That's unrealistic for any traditional breed, which grow much more slowly. They also develop flavor as they grow. Chickens used to be taken from the flock for the table at a variety of ages: young ones were the friend chicken of summer, older ones the roast chicken of fall. Older birds were cooked longer in moist heat for chicken pies, fricassees, soups and other delicious meals.
Roosters were often caponized, neutered much as steers are, to grow larger as roasters for large families and celebrations. Capons are still available, but many cooks are no longer familiar with them. I'm exploring the possibilities of having cooking classes and writing about cooking less familiar poultry, from capons to duck and goose.
Mad City Chickens will be shown again in Santa Barbara Tuesday, August 25, 7pm at the Santa Barbara Public Library / Faulkner Gallery on Anapamu Street in Santa Barbara. I'll attend that showing, too. If you are in the area, join us.

Tuesday, August 11, 2009

Tillie Lays an Egg

Terry Golson, who wrote Tillie Lays an Egg, invited me to join her on two book events in Los Angeles last week. On Thursday, Terry read Tillie to children at the Palms-Rancho Park branch of the LA City Library. On Sunday, Chevalier's Bookstore on North Larchmont held a HenCam Party.
Erik Knutzen and Lora Hall, neighbors from Echo Park, brought Peckerella, one of Lora's chickens, a Barred Rock hen, to be the honored guest. Erik and his wife, Kelly Coyne, wrote The Urban Homestead: Your Guide to Self-sufficient Living in the Heart of the City, published by Process Self-reliance Series. Their site is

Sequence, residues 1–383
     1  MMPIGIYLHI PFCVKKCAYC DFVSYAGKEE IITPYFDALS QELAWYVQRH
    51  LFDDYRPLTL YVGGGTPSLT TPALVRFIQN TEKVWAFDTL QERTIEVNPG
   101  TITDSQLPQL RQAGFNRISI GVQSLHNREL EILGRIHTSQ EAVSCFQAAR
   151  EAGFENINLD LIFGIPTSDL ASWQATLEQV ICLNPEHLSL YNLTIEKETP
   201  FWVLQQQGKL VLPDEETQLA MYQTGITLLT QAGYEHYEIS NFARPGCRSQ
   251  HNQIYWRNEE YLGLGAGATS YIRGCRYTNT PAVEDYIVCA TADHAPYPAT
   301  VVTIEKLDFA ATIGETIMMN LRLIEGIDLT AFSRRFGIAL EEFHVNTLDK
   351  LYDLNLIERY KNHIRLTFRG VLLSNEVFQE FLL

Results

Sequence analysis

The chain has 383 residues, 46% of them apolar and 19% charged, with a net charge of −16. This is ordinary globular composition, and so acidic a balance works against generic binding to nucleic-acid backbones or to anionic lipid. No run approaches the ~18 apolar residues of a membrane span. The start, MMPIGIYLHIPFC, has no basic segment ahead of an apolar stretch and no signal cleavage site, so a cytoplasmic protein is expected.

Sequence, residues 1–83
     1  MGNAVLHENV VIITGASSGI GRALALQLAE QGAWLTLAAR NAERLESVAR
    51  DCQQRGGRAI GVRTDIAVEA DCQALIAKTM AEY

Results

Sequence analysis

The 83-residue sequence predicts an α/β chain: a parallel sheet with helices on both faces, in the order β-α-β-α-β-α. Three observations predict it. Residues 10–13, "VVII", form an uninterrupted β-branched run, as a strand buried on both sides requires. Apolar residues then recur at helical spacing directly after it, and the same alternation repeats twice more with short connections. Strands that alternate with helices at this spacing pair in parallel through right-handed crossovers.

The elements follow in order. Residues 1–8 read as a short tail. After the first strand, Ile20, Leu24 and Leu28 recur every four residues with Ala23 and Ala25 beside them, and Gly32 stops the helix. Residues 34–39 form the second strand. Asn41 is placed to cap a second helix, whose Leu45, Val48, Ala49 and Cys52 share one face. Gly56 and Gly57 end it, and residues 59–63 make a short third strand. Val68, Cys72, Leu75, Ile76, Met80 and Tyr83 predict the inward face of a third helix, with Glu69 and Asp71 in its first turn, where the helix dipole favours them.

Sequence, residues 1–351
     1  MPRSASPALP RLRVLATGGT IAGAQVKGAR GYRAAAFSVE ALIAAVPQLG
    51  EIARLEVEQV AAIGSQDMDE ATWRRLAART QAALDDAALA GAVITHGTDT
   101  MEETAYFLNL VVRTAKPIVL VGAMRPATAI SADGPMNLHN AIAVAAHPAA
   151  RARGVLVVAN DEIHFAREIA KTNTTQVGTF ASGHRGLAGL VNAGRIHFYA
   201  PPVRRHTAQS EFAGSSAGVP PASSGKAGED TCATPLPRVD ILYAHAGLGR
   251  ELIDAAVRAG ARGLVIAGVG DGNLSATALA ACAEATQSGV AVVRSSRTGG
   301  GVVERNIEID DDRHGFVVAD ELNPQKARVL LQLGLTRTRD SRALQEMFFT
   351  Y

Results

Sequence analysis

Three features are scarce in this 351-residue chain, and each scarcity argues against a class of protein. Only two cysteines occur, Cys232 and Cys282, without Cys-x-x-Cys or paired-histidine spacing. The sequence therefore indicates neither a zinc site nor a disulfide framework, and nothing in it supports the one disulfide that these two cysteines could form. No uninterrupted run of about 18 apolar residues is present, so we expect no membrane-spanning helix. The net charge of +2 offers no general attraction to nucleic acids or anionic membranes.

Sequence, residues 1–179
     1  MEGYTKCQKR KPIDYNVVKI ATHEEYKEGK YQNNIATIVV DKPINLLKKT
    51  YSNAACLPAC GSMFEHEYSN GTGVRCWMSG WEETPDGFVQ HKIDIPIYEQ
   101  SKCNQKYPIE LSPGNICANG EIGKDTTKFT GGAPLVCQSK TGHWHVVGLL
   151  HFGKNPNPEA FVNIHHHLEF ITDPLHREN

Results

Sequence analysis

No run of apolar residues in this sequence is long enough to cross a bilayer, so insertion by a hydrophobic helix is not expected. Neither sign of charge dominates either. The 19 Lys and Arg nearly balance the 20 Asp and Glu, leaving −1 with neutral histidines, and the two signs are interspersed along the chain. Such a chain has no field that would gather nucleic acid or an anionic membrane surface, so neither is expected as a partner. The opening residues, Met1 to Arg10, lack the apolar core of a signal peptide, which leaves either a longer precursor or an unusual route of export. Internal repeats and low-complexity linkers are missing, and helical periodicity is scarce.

Children get such a thrill from seeing a live chicken! It reminds me that most are not fortunate enough to have their own. But once they and their parents meet one, it becomes more possible.
Terry's husband Steve decorated the coop back at Terry's Massachusetts home for the occasion. The coop was displayed on the live feed via Terry's Hencam, and linked from my site,
We all had so much fun. Chickens bring out the best in people. Peckerella even laid an egg during the party!

Wednesday, August 5, 2009

African and China Geese

Knobbed geese include both African, one of the three heavy goose varieties, and China or Chinese geese, a light variety. The size difference is significant, Africans weighing 18 lbs. for the goose and 22 lbs. or more for the gander, and China 10 and 12 lbs. equivalents. Really, as Samuel Cushman says in the article included in the 1912 edition of Harrison Weir’s The Poultry Book’s chapter on The Domestic Goose, the Chinese are “more on the bantam order.” Both have a more upright stance than other geese, and long, swan-like necks. Writers newly acquainted with them in the 19th century occasionally classified them as swans, as seen in these White and Brown varieties of China Geese from Metzer Farms,

Both were separately recognized in the first Standard of Excellence in 1874, but with different weights, separated by only four pounds between African and China geese, according to The Poultry Book, p 1103, which gives weights of 20 lbs for the African gander and 18 lbs. for the goose.

Other names applied to both include Guinea (dating back to the Willoughby, 1635-1672, a time when ‘Guinea’ was used to describe anything foreign), Indian (which took on a similar role in the 19th century), Hong Kong, Spanish, Swan, Polish, Muscovy, Siberian, Russian. The first description of African geese in America is attributed to Caleb Bement’s 1845 American Poulterer’s Companion. I have not located a copy of the 1845 version to check, but the 1856 version, a copy of which is housed at Harvard’s Graduate School of Business Baker Library, is posted at Google Books.